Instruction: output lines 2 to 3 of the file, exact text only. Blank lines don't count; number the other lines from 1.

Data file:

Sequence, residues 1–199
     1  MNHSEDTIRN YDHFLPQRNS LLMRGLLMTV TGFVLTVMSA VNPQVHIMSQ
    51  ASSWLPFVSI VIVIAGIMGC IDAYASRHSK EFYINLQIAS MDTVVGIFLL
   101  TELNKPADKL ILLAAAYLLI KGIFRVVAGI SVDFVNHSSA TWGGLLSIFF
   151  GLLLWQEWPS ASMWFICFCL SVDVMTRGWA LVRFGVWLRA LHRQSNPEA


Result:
     1  MNHSEDTIRN YDHFLPQRNS LLMRGLLMTV TGFVLTVMSA VNPQVHIMSQ
    51  ASSWLPFVSI VIVIAGIMGC IDAYASRHSK EFYINLQIAS MDTVVGIFLL